Like a joke...
- to foretell, predict or to make predictions.
- to indicate beforehand.
- to declare or foretell by or as if by divine inspiration.
- to utter in prophecy or as a prophet.
- to make inspired declarations of what is to come.
- to speak as a mediator between God and humankind or in God’s stead.
- Archaic. to teach religious subjects.
INT DENNY’S – GRAVEYARD SHIFT
Hidden camera shows Subject One in jeans a flannel and a leather jacket sitting in a booth with Agent M. Camera is held by someone sitting next to Agent M. Both of their faces are blurred out.
Scene begins mid conversation, Subject one, dressed in nondescript jeans and flannel is explaining something to Agent M. Camera shot is hidden camera style from a person sitting next to Agent M., both mens faces are blurred out.
p.No, no, no… Look, let me try to explain this differently. Ok, so words have meaning, but sometimes more then one right? So what happens when one of those earlier meanings is lost, or at least later misunderstood? You know, like, they don’t use that meaning anymore so people forget about it. Think about making pop culture references for example. Shit like uh, Howdy Doody is going to make a lot of sense to people who were 12 years old in 1955, but if you were growing up in the 80’s probably not going to be to likely you’ll know who that is. Prophecy is notoriously nonspecific and vague. What if it just seems that way because the meaning isn’t understood until after an event has occurred?
Are you going to get to the part to where you explain why you were pulled over in what would otherwise by routine traffic stop carrying two hundred and fifty birds in your car? You’re file says they were, uh, Superb Starlings?
Look, the birds, yeah, that shit seems stupid I’ll give you that, but let me explain. I’m getting to that I promise. Ok,
Fine, just get to the point.
So there’s this thing about people not understanding what they’re really looking at when they are describing what they’re writing down, what they’re transcribing, what they’re “predicting”, so to speak. So, anyway, what if, what they’re seeing is what happens, then to some degree that would mean that it has already occurred, right? Like, you’re not so much predicting something that is going to happen as much as you are remembering something that already has happened. Is there an opportunity to change something after it’s happened? Are there such things as second chances? Well?
Oh, well yeah I suppose I believe that people deserve a second chance if they’ve made a mistake.
It’s not really a question of whether they deserve it or not. It’s about is it possible. Religions the world over have wrestled with the concept of redemption, but the creatures of the night have a different take on things. Many, uh, many people, have a hard time coming to grasp becoming something only whispered a night to scare children, things they always associated with the devil, so they have their own rationalizations, reasons and religious explanations for for things that that would have curled their toes. These beliefs are based on a small variety of aprophal, or extra-religious texts.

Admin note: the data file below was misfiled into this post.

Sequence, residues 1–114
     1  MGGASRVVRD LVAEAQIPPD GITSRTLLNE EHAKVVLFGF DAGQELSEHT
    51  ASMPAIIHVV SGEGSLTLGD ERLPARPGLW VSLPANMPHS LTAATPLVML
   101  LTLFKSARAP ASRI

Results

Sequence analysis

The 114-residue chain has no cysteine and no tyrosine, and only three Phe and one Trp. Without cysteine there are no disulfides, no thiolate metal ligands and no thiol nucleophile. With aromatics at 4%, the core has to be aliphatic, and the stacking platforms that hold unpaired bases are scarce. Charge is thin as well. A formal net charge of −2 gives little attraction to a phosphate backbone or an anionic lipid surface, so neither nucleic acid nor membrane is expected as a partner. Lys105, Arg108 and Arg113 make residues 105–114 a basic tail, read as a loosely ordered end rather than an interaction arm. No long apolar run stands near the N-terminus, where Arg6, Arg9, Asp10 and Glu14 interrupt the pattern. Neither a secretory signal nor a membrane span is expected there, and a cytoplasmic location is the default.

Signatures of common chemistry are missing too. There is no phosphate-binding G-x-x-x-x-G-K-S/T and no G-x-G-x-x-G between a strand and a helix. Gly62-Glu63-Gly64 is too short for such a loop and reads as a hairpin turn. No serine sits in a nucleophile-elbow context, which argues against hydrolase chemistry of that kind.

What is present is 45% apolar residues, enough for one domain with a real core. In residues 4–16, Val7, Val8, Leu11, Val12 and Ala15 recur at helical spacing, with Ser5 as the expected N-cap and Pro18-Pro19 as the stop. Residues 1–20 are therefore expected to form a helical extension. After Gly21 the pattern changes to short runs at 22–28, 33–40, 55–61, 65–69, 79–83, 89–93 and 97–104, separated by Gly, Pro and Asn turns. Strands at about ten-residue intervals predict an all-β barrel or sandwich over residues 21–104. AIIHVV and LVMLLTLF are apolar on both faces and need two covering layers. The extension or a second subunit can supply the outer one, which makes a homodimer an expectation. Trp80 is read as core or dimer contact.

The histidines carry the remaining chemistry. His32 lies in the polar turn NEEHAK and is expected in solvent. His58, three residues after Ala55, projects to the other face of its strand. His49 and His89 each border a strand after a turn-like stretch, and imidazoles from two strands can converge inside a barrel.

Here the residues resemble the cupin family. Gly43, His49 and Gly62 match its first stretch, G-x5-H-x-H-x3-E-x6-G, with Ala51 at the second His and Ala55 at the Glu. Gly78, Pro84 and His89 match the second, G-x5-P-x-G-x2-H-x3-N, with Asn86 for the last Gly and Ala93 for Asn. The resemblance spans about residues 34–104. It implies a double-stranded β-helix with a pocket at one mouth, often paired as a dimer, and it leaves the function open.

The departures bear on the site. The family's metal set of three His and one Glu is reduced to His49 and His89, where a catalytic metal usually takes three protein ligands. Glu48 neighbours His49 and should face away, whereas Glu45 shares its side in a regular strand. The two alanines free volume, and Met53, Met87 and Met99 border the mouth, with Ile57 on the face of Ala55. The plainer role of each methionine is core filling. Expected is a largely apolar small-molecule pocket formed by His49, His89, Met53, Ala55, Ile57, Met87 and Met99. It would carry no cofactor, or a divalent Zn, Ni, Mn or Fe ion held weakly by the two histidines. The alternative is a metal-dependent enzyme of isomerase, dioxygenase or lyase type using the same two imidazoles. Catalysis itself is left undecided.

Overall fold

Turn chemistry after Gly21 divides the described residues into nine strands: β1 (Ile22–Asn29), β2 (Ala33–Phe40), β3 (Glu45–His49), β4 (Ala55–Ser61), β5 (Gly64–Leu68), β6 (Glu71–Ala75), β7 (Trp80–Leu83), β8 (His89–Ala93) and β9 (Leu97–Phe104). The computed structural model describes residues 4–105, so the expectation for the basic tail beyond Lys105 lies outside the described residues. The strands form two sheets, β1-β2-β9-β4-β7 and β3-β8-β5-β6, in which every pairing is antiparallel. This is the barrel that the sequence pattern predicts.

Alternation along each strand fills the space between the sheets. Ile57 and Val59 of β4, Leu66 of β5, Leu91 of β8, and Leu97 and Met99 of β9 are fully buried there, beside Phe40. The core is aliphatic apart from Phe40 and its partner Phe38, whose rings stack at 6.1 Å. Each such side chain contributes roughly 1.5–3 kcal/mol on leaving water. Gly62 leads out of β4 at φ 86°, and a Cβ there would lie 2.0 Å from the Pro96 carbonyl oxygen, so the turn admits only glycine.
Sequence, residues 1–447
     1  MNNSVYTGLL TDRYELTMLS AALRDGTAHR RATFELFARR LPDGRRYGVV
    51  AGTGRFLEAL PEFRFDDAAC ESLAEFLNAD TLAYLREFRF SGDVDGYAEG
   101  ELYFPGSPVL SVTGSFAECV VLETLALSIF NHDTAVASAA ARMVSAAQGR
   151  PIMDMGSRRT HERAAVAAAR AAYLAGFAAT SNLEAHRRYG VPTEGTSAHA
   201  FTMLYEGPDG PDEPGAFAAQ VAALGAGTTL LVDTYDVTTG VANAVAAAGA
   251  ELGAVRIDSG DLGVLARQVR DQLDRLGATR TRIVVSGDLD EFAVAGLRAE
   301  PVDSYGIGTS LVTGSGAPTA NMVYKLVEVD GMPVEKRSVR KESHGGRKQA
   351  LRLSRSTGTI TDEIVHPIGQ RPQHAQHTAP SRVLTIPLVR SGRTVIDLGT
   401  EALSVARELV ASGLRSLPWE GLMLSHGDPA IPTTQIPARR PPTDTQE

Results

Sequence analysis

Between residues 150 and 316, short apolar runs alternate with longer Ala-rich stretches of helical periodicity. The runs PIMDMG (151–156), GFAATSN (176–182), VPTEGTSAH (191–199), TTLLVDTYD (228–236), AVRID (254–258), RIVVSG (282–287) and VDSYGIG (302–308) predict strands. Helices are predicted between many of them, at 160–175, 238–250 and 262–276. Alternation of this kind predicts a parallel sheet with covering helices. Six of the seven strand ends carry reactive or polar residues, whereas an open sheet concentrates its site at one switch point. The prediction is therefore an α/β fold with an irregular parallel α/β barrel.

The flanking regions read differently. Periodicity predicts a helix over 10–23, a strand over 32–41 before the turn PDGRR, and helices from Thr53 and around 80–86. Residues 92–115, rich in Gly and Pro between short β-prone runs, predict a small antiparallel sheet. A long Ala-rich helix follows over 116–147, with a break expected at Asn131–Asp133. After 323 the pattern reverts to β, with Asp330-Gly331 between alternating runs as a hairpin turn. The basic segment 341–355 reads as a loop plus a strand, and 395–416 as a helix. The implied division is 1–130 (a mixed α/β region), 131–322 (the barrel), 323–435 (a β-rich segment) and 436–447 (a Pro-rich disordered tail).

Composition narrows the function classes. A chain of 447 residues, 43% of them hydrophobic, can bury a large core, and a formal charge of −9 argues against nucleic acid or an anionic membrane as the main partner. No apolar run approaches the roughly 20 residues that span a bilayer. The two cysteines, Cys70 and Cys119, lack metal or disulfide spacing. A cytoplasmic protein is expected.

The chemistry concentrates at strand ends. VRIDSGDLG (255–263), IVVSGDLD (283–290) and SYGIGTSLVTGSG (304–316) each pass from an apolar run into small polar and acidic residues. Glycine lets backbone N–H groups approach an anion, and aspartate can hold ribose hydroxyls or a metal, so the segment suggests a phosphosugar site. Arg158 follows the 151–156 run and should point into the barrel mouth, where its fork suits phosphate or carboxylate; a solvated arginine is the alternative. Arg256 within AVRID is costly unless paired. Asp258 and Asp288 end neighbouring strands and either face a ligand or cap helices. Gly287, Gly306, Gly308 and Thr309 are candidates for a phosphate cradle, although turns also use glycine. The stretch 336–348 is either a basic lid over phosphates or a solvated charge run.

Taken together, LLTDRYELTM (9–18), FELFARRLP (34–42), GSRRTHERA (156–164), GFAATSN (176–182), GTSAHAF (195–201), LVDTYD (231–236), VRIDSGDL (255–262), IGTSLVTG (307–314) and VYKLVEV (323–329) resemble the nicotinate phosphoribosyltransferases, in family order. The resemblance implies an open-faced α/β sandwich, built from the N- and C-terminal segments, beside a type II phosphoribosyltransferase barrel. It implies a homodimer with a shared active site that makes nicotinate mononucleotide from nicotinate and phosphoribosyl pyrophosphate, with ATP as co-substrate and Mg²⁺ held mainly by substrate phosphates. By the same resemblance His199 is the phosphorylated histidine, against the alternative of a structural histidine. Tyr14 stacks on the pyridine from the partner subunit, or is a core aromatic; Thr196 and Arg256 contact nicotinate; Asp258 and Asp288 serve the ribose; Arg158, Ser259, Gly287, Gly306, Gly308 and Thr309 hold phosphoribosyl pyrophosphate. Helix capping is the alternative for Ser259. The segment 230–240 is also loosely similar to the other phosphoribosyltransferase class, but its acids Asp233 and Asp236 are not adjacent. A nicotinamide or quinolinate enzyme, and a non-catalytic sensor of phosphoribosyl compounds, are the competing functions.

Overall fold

The Book of Nod is the most famous of these apocryphal, prophetic texts. Believed to be many the story of Caine, it for-casts a bleak future for all the childer of Caine. What if the Book of Nod was not what it appeared to be though, what if it were rather a fragrant of a larger missing text?
Long before the legends and sagas of the earliest tales of human history begin, more then two thousand years before the birth of Abraham in the City of Ur, a rebellious young girl is chosen from among her people to become the wife of a great man, the Priest-King. Athkatla, was her name. Ascending the steps of the mighty ziggurat where her husband dwelt her name vanishes from history, fragments of her story filter down through the ages on a collection of crumbling, cuneiform tablets. Beyond her name, and a vague description of her betrothed almost nothing of who she, or her husband, truly were.
A word in the right ear could mean the difference between victory and defeat on the battlefield, on the campaign trail or in the conference room. Words have changed the course of history. The city state of Carthage was destroyed in 146 B.C. by the Roman Legions, but the resulting devastation was due to words shouted in the Imperial Senate. Appianus Alexandrinus, an Roman Senator, gives witness to Cato the Elder’s tireless campaign against the Carthaginians. Appianus claimed Cato was to have ended almost all of his speeches with, “Carthage must be destroyed and all its population exterminated.” Why was Cato so staunch an advocate of the campaign to have Carthage destroyed? Carthage was in many ways a model of urban culture at the time of its destruction. History tells us that the ensuing war may have had something to do with the bloodthirsty religious rites of Ba’al Hammon. Rumors circulated of human, and even child sacrifice, but this is based on the claims of a Roman slave, a Greek historian named Polybius, the claims of other chroniclers indicate a more mercantile incentive. This second event is much more clearly understood then the first because the Romans were such meticulous record keepers. The principal figures are all well known to history, the names of locations of unambiguous, but still, there is enough uncertainty as to the real causes of the war.
What could any of this possibly have to do with a gypsy, a couple of vampire’s, a seriously dirty cop and a crazy, psycho blood witch in Houston Texas?